Sunday, January 19, 2014

How to Make a Bead rack for Raku Firing - Sunday Ceramics

 A couple of days ago I posted that I was making some bead racks for raku firing. A few readers asked if I would post some photos, so here they are...


I start by throwing bottomless cylinder. I keep the walls thick in hopes that doing so will make them last through a few firings. Occasionally I have squeezed them into a square shape, this time I didn't get back to them until they were too stiff to alter. I also made two cylinders that will stack on top of each other, therefore creating extra room in the kiln. 


Using a hole cutter, I punched holes all around to support the bead wire. I tested them out and adjusted some of the holes, so that the wire would match up and insert easily. They don't have to be pretty because these racks don't last that long during the raku process. I am lucky if they go through three firings, occasionally they have made it through just one. If you use them in a high fire situation, I am sure they will last longer. We don't use raku clay in our studio. It's too easy to have a mix up and we have found that we had just as much loss with raku clay as with cone 10 stoneware. Something that we did learn after moving to North Carolina is that the Highwater clays we buy don't work in raku. Our locally made STARworks clay handles the process quite well. These bead racks are made with STARwhite with grog. When these are dry I will bisque fire them and then they will be ready for action.



This is a bead rack that has been through a couple of firings. I have started to add a "basket handle" made of discarded electric kiln elements to the top. It makes the ring easier to lift out of the kiln. You can see that this one has snapped off... nothing lasts long through the raku process!
I learned about adding these handles from Tracey Broome's blog

What I like about the bead racks is that the heat from the ring ignites the combustible material in the metal can quickly, giving much better results. The beads on their own cool off too quickly on their way to the can and take too long to ignite the paper.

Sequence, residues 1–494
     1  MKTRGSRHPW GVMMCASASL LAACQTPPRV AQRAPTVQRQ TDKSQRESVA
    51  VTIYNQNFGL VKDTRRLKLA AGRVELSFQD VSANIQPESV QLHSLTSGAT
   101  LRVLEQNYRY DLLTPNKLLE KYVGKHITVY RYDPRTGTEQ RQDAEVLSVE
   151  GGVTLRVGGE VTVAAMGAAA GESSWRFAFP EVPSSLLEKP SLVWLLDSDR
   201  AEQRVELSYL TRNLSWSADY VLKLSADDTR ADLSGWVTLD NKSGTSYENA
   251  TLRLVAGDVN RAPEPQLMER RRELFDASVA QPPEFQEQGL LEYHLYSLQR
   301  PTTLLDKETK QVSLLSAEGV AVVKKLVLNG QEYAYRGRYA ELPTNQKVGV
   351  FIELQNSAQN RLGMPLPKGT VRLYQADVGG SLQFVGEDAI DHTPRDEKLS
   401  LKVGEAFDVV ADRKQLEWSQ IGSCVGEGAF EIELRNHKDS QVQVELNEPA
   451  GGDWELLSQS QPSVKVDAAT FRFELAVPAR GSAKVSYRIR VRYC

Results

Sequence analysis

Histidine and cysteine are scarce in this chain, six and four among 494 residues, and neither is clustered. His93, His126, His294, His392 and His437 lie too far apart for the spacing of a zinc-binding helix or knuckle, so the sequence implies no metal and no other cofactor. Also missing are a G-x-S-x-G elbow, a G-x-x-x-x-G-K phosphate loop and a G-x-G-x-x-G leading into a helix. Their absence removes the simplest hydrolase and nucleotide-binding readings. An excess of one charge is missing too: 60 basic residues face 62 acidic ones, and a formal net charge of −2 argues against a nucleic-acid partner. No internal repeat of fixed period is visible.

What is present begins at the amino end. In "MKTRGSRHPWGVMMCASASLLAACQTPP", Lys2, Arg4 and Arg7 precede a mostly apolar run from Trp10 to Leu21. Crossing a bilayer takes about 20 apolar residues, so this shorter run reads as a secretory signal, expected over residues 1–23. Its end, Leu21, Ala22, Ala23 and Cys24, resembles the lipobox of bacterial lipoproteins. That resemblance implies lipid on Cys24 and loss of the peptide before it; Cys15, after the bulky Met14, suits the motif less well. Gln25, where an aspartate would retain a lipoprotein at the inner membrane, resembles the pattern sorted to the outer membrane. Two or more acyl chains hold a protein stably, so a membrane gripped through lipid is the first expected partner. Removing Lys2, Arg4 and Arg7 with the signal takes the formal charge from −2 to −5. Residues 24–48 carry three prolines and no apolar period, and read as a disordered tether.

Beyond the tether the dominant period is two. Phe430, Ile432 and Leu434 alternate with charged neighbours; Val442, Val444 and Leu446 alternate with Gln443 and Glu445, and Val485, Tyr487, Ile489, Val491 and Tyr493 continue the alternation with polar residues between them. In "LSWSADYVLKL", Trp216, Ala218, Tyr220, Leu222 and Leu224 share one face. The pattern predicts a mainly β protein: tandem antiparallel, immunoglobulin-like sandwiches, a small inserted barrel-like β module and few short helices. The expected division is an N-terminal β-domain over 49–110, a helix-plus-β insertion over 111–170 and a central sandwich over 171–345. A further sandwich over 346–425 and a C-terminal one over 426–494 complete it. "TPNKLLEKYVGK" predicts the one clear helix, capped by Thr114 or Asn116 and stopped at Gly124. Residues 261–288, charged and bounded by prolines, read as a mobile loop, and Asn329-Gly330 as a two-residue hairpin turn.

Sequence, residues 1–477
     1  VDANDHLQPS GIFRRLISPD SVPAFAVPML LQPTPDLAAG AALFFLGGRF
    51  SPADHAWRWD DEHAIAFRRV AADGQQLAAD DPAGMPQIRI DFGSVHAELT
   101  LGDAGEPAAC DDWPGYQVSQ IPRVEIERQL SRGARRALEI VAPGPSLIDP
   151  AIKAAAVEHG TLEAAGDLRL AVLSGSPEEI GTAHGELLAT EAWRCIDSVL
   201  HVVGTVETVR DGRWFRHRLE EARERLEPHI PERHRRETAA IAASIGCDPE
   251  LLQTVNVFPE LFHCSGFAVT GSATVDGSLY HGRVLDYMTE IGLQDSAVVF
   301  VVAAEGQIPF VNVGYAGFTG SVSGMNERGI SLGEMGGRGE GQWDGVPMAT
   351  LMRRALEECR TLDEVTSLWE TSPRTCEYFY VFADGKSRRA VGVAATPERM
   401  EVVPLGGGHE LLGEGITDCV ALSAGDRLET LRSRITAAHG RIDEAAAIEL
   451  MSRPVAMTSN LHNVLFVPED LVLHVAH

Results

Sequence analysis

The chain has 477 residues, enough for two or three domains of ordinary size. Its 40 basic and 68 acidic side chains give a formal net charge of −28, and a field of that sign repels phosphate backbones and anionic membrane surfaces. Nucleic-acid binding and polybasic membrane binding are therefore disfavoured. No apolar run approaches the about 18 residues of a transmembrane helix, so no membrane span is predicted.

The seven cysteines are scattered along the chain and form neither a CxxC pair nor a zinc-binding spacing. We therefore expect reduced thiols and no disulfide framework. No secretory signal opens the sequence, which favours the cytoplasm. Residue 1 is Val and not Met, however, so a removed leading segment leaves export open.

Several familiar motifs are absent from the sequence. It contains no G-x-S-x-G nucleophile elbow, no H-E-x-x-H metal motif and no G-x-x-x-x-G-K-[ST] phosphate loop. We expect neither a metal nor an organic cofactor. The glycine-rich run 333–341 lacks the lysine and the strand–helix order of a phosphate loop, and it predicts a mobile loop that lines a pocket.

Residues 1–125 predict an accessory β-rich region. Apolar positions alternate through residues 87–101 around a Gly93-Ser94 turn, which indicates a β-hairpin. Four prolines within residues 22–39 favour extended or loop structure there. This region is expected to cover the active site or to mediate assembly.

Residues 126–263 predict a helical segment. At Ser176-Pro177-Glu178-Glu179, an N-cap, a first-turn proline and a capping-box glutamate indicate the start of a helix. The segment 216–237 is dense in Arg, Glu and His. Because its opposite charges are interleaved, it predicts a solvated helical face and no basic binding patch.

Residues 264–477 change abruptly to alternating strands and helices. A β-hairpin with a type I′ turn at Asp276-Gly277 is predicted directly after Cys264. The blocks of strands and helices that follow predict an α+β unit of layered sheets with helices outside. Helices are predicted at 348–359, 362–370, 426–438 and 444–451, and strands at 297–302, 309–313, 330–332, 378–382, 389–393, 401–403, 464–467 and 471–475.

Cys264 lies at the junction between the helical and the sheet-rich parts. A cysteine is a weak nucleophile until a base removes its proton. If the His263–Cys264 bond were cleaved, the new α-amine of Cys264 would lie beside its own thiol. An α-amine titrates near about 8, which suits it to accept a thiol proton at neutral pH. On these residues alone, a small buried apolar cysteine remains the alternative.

Our potter friend, Sally Cornwall, gave us this pack of high temp wire. She used it at the last workshop that Jeff taught at her studio in NH. She thought I might like to give it a try. You can cut it into the lengths you want. I believe she said it is also less expensive than the straight bead wire. I have a feeling it won't last as long.

I would be happy to answer any questions about the bead racks and/or raku. I would also love to hear if you have a method of firing beads that works well for you.

You can also find this post on Sunday Ceramics. Be sure to head over there and see what other ceramic artists are up to.





11 comments:

  1. I use that high fire wire and just stick it into solid clay that I roll into cylinders. The cylinders and the wire have lasted for at least ten firings now and are still ok to fire some more. I tried the rings like you have but they kept cracking on me after one or two firings. I have found the solid columns last longer but yours hold way more beads. It's always a trade off somewhere with clay isn't it?!
    Pretty beads!

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  2. Tracey, glad to hear the wire holds up. I have been using the rods I have for a number of years, but they were ridiculously expensive.
    i am assuming you insert the wire and bisque fire the cylinder. I think I am going to give that a try too.

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  3. I love the blues and greens in those first two bead pics!

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  4. Good ideas, as you always have. Can you tell me how to get the link for your etsy shop with the pretty pic of all your work on it? I just decided to try Etsy again...and it will take a learning curve.

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  5. Thanks for this, I had been pondering how to glaze fire some skull beads that I had been making. Normally I just give them an iron wash and put them in the kiln wherever I have space. I have been making some porcelain ones that would look nice glazed so Thankyou for the inspiration.

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  6. B. Rogers, when you are in listings manager on Etsy, look at the column on the left. You will see a section caller PROMOTE. Under that section select "Etsy Mini".
    Follow the instructions and it will generate a code for you to insert in your blog or website. Good luck with Etsy. If you work it, it will pay off!

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  7. what a super demonstration and description, thanks so much

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  8. Thanks so much for the super description! I am definitely going to try making a bead rack :)

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  9. It could also be used in regular firings. The idea is great

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